I am an assistant professor in the Department of International Affairs within the School of Public and International Affairs (SPIA) at the University of Georgia. I received my PhD in political science from Binghamton University in 2012.

My work focuses primarily on the determinants of human rights practices, collective dissent, political violence, and economic development. I have a strong research interest in the international diffusion of local outcomes, as well as the institutions, organizations, and processes that generate such diffusion. I am also actively involved in the measurement of human rights practices.

I am the Co-Founder and Civil & Political Rights Metrics Lead for the Human Rights Measurement Initiative (HRMI), co-director of the archived CIRI Human Rights Data Project, and co-Principal Investigator on the Worker Rights in Law & Practice Data Project (WorkR) and the Sub-National Analysis of Repression Project (SNARP).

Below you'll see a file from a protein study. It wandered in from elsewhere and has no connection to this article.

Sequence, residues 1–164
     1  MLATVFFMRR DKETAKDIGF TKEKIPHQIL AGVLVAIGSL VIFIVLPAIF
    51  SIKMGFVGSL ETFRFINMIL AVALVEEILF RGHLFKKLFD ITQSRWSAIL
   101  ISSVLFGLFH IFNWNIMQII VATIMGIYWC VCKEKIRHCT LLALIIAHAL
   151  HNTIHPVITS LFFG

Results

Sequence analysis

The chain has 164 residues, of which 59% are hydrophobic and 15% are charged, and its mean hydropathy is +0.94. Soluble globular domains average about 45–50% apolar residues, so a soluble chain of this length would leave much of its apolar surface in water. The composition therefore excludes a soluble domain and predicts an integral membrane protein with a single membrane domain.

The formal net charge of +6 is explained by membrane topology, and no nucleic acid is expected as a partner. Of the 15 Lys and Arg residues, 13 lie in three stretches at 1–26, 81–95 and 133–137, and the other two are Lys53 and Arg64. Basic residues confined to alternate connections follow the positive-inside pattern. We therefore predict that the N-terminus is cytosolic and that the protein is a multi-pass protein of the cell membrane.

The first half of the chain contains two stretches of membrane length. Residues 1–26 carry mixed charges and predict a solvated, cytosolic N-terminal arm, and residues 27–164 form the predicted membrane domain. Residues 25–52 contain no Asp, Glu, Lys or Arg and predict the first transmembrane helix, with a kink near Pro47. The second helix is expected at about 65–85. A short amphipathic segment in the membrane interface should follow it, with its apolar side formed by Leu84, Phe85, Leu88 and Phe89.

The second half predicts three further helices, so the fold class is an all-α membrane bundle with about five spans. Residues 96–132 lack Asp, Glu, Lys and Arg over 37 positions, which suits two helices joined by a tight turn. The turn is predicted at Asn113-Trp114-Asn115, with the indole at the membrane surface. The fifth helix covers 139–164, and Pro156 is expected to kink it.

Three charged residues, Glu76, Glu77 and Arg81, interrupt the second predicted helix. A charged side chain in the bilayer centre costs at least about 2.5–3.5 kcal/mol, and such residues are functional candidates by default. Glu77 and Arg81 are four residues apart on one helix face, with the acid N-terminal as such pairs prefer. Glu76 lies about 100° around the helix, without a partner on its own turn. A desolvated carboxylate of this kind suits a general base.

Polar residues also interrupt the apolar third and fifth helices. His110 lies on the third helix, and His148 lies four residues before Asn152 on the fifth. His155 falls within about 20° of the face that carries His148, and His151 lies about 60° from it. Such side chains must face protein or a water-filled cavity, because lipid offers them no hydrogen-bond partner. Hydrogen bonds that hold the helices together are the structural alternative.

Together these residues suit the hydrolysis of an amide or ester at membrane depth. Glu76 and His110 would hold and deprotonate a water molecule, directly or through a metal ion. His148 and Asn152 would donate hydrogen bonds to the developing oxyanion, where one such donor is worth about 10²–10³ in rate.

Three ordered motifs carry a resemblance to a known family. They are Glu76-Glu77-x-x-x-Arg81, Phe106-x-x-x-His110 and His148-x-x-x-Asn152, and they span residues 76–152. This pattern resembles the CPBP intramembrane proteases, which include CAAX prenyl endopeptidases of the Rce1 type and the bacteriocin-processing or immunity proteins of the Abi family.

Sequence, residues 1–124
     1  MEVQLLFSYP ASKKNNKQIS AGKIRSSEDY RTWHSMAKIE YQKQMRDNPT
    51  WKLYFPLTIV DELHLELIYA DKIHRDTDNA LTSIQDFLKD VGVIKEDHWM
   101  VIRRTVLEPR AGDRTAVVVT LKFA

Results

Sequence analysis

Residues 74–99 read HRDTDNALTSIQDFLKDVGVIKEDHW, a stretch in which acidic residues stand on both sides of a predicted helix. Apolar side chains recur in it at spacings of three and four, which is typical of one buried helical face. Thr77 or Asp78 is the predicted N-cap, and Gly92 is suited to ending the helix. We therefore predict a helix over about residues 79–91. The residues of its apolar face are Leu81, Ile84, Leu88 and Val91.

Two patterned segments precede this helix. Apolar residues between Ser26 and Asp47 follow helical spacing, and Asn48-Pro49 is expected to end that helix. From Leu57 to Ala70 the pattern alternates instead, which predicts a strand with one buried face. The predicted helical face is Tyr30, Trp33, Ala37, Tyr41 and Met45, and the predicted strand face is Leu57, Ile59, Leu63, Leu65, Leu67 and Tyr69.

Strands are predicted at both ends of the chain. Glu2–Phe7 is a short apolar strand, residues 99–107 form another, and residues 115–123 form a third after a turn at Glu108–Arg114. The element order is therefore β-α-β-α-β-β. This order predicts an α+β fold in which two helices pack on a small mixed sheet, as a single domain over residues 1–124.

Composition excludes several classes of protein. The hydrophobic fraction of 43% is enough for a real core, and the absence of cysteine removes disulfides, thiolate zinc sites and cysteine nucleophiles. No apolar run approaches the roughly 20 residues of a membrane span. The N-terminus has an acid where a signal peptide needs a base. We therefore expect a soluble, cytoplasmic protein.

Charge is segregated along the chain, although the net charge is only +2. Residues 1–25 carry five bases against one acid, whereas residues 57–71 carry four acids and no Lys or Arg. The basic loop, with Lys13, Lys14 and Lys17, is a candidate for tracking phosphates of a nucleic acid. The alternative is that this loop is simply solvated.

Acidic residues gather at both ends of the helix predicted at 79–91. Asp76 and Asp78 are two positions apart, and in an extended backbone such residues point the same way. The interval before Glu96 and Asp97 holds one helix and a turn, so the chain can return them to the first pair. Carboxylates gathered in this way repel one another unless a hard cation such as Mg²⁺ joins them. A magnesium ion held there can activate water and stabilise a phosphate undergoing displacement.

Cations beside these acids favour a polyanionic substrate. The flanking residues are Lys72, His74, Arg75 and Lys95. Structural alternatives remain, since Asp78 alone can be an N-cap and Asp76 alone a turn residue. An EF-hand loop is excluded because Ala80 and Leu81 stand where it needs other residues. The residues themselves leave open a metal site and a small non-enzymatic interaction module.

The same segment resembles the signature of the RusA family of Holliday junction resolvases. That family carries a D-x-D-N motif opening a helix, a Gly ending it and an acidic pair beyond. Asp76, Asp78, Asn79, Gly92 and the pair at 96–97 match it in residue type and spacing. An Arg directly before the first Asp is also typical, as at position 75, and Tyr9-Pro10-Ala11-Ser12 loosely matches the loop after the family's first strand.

Related Publications

Anti-corruption training in sectors: approaches, experience, and evidence about effectiveness

  • training
  • anti-corruption training

How could anti-corruption interventions tackling global corruption benefit the UK?

Political Corruption in the Arab World

  • political corruption
  • corruption monitoring
  • conflicts of interest
  • conflict of interest
  • political parties
  • anti-corruption
  • AMAN (TI Palestine)

Overview of corruption and anti-corruption in Bosnia and Herzegovina

  • judiciary
  • country profile
  • anti-corruption legislation
  • clientelism
  • petty corruption

Anti-corruption compliance mechanisms for State Owned Enterprises

K. Chad Clay


University of Georgia

Professional Title

Assistant Professor




Co-Founder and Civil & Political Rights Metrics Lead at the Human Rights Measurement Initiative (HRMI)

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